2

I'm new to Arduino and embedded, but understand that it is often better to use global instead of local variables (such as here or here).

I have this simple code (from here):

//Libraries
#include <DHT.h>;

//Constants
#define DHTPIN 2     // what pin we're connected to
#define DHTTYPE DHT22   // DHT 22  (AM2302)
DHT dht(DHTPIN, DHTTYPE); //// Initialize DHT sensor for normal 16mhz Arduino


//Variables
float hum;  //Stores humidity value
float temp; //Stores temperature value

void setup()
{
    Serial.begin(9600);
    dht.begin();

}

void loop()
{
    //Read data and store it to variables hum and temp
    hum = dht.readHumidity();
    temp= dht.readTemperature();
    //Print temp and humidity values to serial monitor
    Serial.print("Humidity: ");
    Serial.print(hum);
    Serial.print(" %, Temp: ");
    Serial.print(temp);
    Serial.println(" Celsius");
    delay(2000); //Delay 2 sec.
}

My ancient C programmer training (Unix servers) says I must move variables hum and temp to loop(), or is it better on Arduino to leave them as globals?

  • This depends on how you define "better". For instance, when is "global" necessary? When can a "local" work just as well? – Mikael Patel Dec 20 '18 at 9:24
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    Since the AVR CPU is a register-rich system, putting the variables in loop may well cause the compiler to go "Oh, I have enough registers to store this information. I don't need these variables in memory since they get thrown away straight after using them. I'll delete them and just use internal registers instead.". Optimizations are great :) – Majenko Dec 20 '18 at 10:02
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    If you are an ancient C programmer, then try functions with parameters "by reference". The compiler can do more optimizations with that. Passing a global variable by reference is almost the same for the compiler as using the global variable in the function, but with the parameter by reference it still does look good because the used variables are nicely declared as parameters. By the way, the dht22 is not accurate, try something better. – Jot Dec 20 '18 at 10:57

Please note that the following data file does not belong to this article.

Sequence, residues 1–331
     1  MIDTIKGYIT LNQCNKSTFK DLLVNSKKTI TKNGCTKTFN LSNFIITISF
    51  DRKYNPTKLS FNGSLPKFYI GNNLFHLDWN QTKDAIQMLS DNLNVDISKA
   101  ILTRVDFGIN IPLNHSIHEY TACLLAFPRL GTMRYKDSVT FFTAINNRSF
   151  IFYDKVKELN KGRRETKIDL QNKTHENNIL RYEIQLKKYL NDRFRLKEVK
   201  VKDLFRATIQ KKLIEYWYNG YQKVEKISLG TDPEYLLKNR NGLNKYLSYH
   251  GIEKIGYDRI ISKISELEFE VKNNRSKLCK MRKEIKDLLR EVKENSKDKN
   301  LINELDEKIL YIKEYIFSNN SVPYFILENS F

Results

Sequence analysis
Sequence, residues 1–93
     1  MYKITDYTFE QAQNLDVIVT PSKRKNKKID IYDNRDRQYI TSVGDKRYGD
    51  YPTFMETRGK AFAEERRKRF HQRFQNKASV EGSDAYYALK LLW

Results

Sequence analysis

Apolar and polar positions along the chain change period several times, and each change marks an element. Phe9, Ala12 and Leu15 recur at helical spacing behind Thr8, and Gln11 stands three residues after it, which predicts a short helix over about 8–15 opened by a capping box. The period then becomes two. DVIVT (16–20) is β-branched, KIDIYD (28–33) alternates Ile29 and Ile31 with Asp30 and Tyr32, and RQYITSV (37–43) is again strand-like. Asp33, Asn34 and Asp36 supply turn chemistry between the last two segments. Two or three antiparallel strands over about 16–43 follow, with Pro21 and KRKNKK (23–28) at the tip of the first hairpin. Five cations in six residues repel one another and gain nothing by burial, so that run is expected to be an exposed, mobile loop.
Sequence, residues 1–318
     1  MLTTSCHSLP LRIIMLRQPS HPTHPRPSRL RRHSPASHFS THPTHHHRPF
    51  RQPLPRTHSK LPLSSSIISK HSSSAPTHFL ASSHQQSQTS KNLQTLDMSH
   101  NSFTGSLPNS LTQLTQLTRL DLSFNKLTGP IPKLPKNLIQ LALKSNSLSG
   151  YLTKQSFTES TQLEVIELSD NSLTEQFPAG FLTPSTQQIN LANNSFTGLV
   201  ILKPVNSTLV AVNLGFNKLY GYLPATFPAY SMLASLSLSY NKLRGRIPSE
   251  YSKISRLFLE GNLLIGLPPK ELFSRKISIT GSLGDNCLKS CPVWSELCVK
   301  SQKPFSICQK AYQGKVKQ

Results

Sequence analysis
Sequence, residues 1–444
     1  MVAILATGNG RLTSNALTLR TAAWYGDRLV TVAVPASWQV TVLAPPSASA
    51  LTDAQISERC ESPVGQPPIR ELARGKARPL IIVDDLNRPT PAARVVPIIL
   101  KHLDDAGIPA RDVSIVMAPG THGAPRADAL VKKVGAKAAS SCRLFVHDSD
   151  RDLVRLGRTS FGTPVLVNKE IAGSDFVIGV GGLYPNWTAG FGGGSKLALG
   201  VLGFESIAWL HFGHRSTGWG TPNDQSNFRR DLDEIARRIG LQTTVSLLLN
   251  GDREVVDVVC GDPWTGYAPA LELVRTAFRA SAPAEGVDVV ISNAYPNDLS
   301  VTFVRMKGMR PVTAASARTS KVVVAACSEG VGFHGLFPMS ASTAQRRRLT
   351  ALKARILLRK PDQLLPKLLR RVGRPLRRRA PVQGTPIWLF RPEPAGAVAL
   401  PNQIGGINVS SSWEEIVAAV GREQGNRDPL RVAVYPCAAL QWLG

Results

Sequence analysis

• @Jot - it's cheap! And my project is not critical. Or is there something better in the same price bracket? – minisaurus Dec 20 '18 at 13:45
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    The humidity that the dht22 returns is not accurate, it is only an indication and can be used to check if the humidity goes up or down. When it measures 60%, the relative humidity can be between 40% and 80%. The good sensors with i2c are still 2% or 3% inaccurate. Those sensors are for example the bme280, bme680, htu21d, sht31-d, si7021. Those sensors are 3.3v and the arduino uno is 5. You might need level shifters for the i2c bus. For just the temperature, the ds18b20 is the best choice, good and cheap. – Jot Dec 20 '18 at 16:03
9

No. If you have the choice, locals are usually better, because they minimize the risk of name collision, and they help make the program clearer by keeping the variable definition close to the place where it is used. In your example, hum and temp should be locals, as there is no good reason to make them globals.

However, sometimes you don't have the choice. If a variable is used in both setup() and loop(), then it needs to be global. This is the case of dht in your example.

Sometimes a variable is used in many functions. Even if you can make it local, by passing it around through function parameters, doing so doesn't make the program more readable. In that case you may also prefer to keep it global.

Sometimes a variable that is used in only one function needs to be statically allocated in order to preserve its value across calls to the function. In this case the variable could be a static local. However, since the static keyword is somewhat obscure for beginner programmers, Arduino tutorials tend to use globals whenever static storage is needed. You are not required to follow this practice, although you may want to if you are writing for an audience of novices.